Data_Sheet_1_A Novel, Five-Marker Alternative to CD16–CD14 Gating to Identify the Three Human Monocyte Subsets.PDF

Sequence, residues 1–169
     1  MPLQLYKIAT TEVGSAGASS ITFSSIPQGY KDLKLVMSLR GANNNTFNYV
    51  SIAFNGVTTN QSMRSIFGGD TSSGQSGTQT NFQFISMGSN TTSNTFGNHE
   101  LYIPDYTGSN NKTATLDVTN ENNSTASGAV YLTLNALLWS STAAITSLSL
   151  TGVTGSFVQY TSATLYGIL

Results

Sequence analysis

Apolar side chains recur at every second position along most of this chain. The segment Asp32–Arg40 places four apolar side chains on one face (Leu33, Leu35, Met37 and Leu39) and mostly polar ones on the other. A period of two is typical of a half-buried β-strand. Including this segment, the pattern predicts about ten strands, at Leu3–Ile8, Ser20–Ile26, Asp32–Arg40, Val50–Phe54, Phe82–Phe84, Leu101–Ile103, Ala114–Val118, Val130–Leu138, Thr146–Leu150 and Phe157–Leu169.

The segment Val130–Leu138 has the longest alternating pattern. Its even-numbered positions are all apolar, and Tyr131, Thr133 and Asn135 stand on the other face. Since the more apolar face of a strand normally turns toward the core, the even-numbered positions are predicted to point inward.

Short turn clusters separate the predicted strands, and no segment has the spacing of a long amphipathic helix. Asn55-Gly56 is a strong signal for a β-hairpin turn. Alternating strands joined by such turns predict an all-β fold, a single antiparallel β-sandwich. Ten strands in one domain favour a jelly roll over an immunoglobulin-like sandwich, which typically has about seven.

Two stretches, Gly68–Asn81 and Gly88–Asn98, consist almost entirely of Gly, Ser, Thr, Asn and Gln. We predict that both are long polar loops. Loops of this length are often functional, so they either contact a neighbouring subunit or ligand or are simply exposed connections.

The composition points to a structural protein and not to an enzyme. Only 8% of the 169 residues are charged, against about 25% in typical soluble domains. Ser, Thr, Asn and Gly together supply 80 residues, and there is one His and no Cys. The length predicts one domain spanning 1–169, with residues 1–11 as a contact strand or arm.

Human primary monocytes are heterogeneous in terms of phenotype and function, but are sub-divided only based on CD16 and CD14 expression. CD16 expression distinguishes a subset of monocytes with highly pro-inflammatory properties from non-CD16 expressing “classical” monocytes. CD14 expression further subdivides the CD16+ monocytes into non-classical CD14low and intermediate CD14high subsets. This long-standing CD16–CD14 classification system, however, has limitations as CD14 is expressed in a continuum, leading to subjectivity in delineating the non-classical and intermediate subsets; in addition, CD16 expression is unstable, making identification of the subsets impossible after in vitro culture or during inflammatory conditions in vivo. Hence, we aimed to identify the three monocyte subsets using an alternative combination of markers. Additionally, we wanted to address whether the monocyte subset perturbations observed during infection is real or an artifact of differential CD16 and/or CD14 regulation. Using cytometry by time-of-flight (CyTOF), we studied the simultaneous expression of 34 monocyte markers on total monocytes, and derived a combination of five markers (CD33, CD86, CD64, HLA-DR, and CCR2), that could objectively delineate the three subsets. Using these markers, we could also distinguish CD16+ monocytes from CD16 monocytes after in vitro stimulation. Finally, we found that the observed expansion of intermediate (CD14high) monocytes in dengue virus-infected patients was due to up-regulated CD16 expression on classical monocytes. With our new combination of markers, we can now identify monocyte subsets without CD16 and CD14, and accurately re-examine monocyte subset perturbations in diseases.